The British colonists ultimately answered to the English monarch and Parliament, but the colonies did have local governments to represent their interests at home and abroad. Although some diversity existed, the colonial governments were typically led by a governor appointed by the monarch. The governor then appointed a council of advisors who helped him administer the colony. The colonists elected a legislative body or assembly to represent their interests before the governor.
There were three types of British colonies in North America: charter, proprietary and royal. However, by 1730 most had become royal colonies, with the exception of Pennsylvania, Maryland, Delaware, Connecticut and Rhode Island. The charter and proprietary colonies began as business ventures that eventually came under the rule of the English Crown. The monarch would grant charters to individuals or companies to explore and claim land in North America so long as they founded colonies that would ultimately answer to the king. All colonies had a charter that outlined the authority of the monarch, the rights of the proprietary businesses seeking colonization and the creation of colonial governments.
The British monarch appointed governors to oversee his interests in the royal colonies and eventually in all colonies. Since the colonial governor answered to a king and parliament that resided on the opposite side of the Atlantic Ocean, he often had a difficult time enforcing the Crown's policies. Due to the great distance, the colonies became, in essence, self-governing and resentful of a distant monarch. For this reason, the elected assemblies, or legislative bodies, became more powerful.
The governor's council typically included men of wealth and influence. Their primary purpose was to see the governor's – and hence the king's – policies carried out in the colony. As the colonies grew prosperous, the power of the council likewise grew. The first council is believed to have been the House of Burgesses, organized in Virginia in 1619. Often the council stood for the interests of the wealthy elite, and the legislative assembly represented new immigrants and the middle class.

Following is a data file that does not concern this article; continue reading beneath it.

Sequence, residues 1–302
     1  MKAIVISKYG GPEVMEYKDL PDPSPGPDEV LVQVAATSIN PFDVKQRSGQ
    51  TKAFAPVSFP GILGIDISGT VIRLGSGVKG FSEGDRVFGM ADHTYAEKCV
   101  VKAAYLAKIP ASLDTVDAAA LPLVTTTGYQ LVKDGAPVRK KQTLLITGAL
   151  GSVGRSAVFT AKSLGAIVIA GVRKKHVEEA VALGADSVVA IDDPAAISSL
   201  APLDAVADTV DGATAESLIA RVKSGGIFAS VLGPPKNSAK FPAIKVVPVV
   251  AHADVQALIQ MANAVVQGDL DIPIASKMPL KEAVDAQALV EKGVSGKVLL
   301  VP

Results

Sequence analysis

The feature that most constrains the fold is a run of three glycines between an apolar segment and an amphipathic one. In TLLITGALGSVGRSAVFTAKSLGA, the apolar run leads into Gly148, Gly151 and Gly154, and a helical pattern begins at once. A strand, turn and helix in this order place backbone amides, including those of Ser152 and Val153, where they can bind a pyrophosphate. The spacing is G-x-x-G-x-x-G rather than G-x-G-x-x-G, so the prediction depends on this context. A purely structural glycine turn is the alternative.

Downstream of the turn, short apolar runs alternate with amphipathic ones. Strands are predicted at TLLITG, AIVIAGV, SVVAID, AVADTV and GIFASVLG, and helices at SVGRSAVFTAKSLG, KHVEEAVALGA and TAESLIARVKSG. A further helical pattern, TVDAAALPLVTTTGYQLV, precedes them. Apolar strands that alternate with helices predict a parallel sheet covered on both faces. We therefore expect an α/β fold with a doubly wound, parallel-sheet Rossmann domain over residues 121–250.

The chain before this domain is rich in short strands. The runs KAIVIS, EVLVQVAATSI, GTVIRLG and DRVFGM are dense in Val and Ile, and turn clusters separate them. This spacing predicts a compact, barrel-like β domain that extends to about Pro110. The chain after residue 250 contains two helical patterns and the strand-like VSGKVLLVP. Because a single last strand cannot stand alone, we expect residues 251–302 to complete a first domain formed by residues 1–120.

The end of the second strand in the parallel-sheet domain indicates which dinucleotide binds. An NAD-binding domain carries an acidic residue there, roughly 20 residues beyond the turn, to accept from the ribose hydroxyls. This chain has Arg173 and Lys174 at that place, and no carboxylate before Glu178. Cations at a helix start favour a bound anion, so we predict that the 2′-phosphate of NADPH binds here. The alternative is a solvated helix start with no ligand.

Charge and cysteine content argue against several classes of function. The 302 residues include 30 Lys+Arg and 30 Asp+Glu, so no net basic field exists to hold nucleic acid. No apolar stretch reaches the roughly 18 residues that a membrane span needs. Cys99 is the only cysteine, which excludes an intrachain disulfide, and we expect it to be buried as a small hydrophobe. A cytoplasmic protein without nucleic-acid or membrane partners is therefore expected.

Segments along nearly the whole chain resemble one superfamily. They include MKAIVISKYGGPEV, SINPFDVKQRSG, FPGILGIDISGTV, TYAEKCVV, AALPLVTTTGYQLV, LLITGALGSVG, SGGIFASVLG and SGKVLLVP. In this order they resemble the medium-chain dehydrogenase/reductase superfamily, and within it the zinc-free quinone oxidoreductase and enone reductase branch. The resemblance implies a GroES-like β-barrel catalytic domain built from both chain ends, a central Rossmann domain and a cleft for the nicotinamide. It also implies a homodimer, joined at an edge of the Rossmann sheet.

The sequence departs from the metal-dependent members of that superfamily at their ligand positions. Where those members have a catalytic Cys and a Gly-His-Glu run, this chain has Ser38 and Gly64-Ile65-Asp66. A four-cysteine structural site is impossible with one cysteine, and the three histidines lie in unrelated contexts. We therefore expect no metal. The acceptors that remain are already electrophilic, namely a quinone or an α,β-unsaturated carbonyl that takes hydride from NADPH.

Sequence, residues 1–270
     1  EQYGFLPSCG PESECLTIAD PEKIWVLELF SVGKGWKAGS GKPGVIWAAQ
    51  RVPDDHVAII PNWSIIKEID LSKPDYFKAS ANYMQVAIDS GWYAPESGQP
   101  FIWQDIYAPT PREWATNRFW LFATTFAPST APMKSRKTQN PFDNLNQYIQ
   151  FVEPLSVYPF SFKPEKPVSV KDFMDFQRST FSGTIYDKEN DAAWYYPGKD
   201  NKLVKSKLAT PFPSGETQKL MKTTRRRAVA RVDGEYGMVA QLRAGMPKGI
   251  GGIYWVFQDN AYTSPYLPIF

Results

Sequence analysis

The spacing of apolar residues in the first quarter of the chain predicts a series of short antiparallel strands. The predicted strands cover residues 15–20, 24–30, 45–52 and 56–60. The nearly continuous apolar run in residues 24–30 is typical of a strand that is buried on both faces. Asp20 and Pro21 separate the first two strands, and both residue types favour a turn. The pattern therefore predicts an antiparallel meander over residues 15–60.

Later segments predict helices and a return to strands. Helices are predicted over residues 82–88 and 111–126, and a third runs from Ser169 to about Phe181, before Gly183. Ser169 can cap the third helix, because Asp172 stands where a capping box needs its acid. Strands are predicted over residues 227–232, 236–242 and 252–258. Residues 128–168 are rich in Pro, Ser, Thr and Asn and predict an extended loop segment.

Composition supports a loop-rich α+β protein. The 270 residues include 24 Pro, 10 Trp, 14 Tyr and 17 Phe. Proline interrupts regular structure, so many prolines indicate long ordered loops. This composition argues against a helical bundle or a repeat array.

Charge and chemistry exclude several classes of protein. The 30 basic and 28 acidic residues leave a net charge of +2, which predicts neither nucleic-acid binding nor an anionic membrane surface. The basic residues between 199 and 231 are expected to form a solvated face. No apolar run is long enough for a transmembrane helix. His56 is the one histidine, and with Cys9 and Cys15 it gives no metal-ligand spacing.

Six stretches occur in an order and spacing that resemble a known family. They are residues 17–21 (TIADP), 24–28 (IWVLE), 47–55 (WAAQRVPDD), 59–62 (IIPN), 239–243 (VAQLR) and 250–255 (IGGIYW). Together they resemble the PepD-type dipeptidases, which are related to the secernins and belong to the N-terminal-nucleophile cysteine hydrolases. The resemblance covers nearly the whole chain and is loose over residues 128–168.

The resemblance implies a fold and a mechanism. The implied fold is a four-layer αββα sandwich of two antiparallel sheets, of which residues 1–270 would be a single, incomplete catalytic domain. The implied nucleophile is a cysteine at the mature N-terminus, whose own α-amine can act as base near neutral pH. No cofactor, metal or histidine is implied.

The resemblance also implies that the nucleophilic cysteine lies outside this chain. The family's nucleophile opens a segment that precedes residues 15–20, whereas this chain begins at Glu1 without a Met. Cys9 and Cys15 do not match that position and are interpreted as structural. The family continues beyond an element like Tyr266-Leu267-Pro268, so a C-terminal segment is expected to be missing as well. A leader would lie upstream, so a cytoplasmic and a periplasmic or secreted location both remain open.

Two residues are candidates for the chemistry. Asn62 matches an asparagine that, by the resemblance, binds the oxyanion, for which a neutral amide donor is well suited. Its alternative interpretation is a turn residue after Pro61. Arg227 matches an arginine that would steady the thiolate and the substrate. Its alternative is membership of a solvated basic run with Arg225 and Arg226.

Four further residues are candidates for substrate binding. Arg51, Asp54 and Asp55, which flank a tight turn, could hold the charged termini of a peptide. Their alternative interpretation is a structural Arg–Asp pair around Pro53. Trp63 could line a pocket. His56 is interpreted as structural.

By 1680, every colony except New York had an elected assembly to give the colonists some say in governmental affairs. Voting was primarily restricted to all free men, but sometimes voting restrictions included just property owners. Over time, the British colonists began to feel that while the English Parliament could control citizens in England, its power in the colonies should be limited. The power of the elected assemblies depended upon the will of the Crown to enforce its policies in the colonies. Without enforcement, the assemblies could pass legislation against the wishes of the colonial governor. The colonists came to view the assemblies as their primary form of government, and it was through these assemblies that they began to resist English control in the decades leading up to the American Revolution.
- Northern State University: Colonial Government
- Florida Center for Instructional Technology: Types of Colonial Governments, 1682-1730
- Jamestown Public Schools: Colonial Government
- HistoryBusiness.org: Royal Charters of North American Colonies
- The Gilder Lehrman Institute of American History: The Thirteen Colonies
- University of Groningen American History: An Ordinance and Constitution of the Virginia Company in England 24 July 1621
- Hemera Technologies/AbleStock.com/Getty Images